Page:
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1) Apr 12 -- OEWS user survey: The U.S. Bureau of Labor Statistics is conducting a survey of individuals and groups who use data developed as part of the federal-state Occupational Employment and Wage Statistics (OEWS) cooperative program. The survey covers topics including how the data are used, adequacy of the data detail, program documentation, and potential enhancements for the program. As a valued OEWS customer, we appreciate your input. This voluntary survey will take approximately 6 minutes to complete. The survey link (https://www.research.net/r/YNNCV8K) will be open from April 11, 2023 to May 9, 2023.  https://www.bls.gov/oes/update.htm

2) Apr 10 -- The Bureau of Labor Statistics (BLS), Department of Labor (DOL), invites comment to OMB by May 10, 2023 regarding the Occupational Employment and Wages Statistics (OEWS) survey.

The OEWS is a Federal/State establishment survey of wage and salary workers designed to produce data on current detailed occupational employment and wages for each MSA and by detailed industry classification. The OEWS program operates a periodic mail survey of a sample of non-farm establishments conducted by all States, DC, Guam, Puerto Rico, and the U.S. Virgin Islands. Over three-year periods, data on occupational employment and wages are collected by industry at the four- and five-digit North American Industry Classification System (NAICS) levels.

With the release of the May 2021 OEWS estimates in March 2022, the OEWS program implemented a new model-based estimation methodology (MB3). The MB3 methodology uses modeling to predict the staffing pattern and wages for every non-observed establishment on the OEWS population frame using observed OEWS response data along with current data from the Quarterly Census of Employment and Wages program. This differs from the older design-based methodology that used weighting and imputation to make the OEWS response data represent the OEWS population frame. Research and testing indicated the accuracy and reliability of the MB3 estimates improved over the former approach.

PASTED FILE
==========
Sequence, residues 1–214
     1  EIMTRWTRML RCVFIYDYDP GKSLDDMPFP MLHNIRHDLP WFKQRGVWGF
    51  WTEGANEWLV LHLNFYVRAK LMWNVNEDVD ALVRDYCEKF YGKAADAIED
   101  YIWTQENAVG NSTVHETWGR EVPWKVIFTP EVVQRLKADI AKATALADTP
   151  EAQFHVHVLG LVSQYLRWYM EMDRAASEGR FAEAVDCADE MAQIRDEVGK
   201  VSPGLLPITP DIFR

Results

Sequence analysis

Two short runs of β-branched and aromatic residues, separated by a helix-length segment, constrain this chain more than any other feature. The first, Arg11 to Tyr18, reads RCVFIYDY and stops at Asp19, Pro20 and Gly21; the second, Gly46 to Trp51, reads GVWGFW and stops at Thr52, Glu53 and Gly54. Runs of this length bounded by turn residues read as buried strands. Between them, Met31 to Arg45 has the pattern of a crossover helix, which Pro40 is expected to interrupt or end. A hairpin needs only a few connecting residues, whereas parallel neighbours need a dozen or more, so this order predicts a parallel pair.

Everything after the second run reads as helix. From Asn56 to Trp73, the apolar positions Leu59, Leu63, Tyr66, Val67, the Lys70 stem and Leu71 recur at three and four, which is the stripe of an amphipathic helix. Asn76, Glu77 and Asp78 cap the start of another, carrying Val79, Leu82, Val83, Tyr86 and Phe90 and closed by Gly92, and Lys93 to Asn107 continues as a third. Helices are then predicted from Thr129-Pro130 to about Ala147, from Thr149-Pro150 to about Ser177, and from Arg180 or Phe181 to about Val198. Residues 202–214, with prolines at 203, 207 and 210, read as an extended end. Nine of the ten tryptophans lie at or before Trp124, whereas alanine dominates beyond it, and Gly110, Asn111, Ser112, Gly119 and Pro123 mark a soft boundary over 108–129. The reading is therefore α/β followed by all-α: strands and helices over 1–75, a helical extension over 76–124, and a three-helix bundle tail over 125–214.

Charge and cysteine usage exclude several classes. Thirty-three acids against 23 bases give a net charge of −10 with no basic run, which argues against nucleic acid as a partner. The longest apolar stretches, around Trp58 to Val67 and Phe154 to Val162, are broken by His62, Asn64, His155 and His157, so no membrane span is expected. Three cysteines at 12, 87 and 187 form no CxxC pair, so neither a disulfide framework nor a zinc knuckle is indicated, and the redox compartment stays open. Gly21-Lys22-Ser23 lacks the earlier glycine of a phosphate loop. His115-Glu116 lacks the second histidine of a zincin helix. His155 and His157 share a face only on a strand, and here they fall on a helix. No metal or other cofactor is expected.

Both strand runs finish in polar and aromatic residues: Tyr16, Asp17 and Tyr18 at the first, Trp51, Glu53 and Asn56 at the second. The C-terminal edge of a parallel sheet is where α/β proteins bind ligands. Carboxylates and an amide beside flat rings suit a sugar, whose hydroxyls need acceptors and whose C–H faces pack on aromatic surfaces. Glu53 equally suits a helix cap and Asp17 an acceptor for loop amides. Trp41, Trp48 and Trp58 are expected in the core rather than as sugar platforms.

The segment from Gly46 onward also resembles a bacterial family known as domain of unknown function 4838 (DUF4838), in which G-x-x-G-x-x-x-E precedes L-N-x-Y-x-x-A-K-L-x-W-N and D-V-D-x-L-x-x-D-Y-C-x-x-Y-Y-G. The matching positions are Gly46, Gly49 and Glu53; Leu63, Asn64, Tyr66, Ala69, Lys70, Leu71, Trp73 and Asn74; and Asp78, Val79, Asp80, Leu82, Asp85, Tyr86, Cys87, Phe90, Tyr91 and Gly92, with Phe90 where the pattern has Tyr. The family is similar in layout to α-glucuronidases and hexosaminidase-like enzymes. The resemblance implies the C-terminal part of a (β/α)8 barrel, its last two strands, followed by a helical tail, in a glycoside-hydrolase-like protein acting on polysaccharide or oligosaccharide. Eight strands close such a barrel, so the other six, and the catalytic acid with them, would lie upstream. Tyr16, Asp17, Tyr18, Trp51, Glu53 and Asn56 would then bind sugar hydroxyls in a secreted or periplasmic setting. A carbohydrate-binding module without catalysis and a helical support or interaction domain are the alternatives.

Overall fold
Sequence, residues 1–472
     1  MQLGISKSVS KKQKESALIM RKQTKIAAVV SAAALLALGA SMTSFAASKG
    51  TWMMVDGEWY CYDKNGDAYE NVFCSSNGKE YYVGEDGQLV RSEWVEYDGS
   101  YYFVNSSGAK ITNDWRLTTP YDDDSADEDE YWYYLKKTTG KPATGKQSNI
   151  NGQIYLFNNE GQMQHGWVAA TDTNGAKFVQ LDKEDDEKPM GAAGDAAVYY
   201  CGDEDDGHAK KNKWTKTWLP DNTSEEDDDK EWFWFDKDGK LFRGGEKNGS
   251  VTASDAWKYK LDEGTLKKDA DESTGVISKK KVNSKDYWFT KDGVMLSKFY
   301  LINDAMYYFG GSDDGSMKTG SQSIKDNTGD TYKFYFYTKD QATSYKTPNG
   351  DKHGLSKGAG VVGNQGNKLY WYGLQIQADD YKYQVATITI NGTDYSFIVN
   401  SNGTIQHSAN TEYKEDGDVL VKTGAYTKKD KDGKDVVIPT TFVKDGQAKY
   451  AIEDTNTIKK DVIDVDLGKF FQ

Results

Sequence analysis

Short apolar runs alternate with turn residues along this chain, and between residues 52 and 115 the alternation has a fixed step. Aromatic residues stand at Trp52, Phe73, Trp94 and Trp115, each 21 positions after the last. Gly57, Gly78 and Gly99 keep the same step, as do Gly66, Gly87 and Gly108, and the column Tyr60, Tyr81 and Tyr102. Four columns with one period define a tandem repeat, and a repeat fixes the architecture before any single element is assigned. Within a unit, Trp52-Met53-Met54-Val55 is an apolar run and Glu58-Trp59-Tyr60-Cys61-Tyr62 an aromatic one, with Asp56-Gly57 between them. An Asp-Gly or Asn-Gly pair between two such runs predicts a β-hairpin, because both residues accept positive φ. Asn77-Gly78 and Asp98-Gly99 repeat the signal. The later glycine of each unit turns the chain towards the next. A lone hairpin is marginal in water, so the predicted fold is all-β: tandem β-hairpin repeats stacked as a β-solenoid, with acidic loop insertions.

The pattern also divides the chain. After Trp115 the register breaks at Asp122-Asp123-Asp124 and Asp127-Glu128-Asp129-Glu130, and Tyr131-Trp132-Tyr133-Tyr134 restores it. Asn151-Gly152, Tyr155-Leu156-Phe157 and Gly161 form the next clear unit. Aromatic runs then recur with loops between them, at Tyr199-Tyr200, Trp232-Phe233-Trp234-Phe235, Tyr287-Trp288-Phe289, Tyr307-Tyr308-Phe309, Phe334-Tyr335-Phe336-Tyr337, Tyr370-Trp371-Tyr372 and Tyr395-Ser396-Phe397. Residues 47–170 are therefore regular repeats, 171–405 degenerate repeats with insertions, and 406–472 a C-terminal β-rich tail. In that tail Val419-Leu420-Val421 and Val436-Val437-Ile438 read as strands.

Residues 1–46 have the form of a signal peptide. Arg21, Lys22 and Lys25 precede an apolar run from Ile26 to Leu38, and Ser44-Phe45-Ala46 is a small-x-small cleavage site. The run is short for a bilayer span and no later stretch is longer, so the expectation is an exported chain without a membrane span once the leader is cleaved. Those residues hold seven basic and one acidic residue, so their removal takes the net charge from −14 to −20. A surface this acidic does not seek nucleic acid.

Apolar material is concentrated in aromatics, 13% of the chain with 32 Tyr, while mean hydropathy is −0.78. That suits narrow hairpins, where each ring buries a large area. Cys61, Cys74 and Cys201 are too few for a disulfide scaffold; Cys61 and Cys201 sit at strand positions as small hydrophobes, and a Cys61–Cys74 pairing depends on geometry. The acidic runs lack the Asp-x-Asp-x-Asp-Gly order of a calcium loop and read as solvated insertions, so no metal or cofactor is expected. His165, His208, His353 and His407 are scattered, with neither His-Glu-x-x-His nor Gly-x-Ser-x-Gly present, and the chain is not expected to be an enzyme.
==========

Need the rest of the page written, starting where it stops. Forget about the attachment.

The universe for this survey consists of the Quarterly Contribution Reports (QCR) filed by employers subject to State Unemployment Insurance (UI) laws. The U.S. Bureau of Labor Statistics (BLS) receives these QCR for the Quarterly Census of Employment and Wages (QCEW) Program from the 50 States, the District of Columbia, Puerto Rico, and the U.S. Virgin Islands. The QCEW data, which are compiled for each calendar quarter, provide a comprehensive business name and address file with employment, wage, detailed geography (i.e., county), and industry information at the six-digit NAICS level. This information is provided for nearly ten million business establishments of which about 7.9 million are in the scope of this survey. The final data is stored in a Longitudinal Data Base (LDB), which is then used as a sampling frame for sample selection.  Data for Federal Government employees covered by the Unemployment Compensation for Federal Employees program (UCFE), the US Postal Service, and the Tennessee Valley Authority are also included. Other data used for sampling include the universe of railroad establishments obtained from Federal Railroad Administration and a universe of establishments in the U.S. territory of Guam obtained from the Government of Guam, Department of Labor.  
The sample size is approximately 1.1 million establishments over a 3-year period. The sample is divided into six panels over three years with two semi-annual samples of about 187,000 establishments selected each year. Units on the sampling frame are stratified by State/MSA and Balance of State, and by three-, four-, five-, or six-digit NAICS industry code. The frame is further stratified into certainty and non-certainty portions for sample selection. Certainty units include Federal and State governments, hospitals, railroads, and large establishments. These are sampled with probability equal to one every 3-year cycle because of their occupational employment coverage and economic significance. All remaining establishments are non-certainty establishments and are selected with probability less than one but greater than zero.   

The Model-Based Estimation using 3 years of data (MB3), a product of a long-term research project, was first used in official production for the 2021 OEWS estimates, which were published in March 2022. Testing indicates that the accuracy and reliability of the MB3 estimates improved over the former approach. In September 2019, BLS published 2016 data using the new estimation method as a research series, and a Monthly Labor Review article describing the method with comparisons to the old methods. Additional research series for 2017 through 2020 have since been published.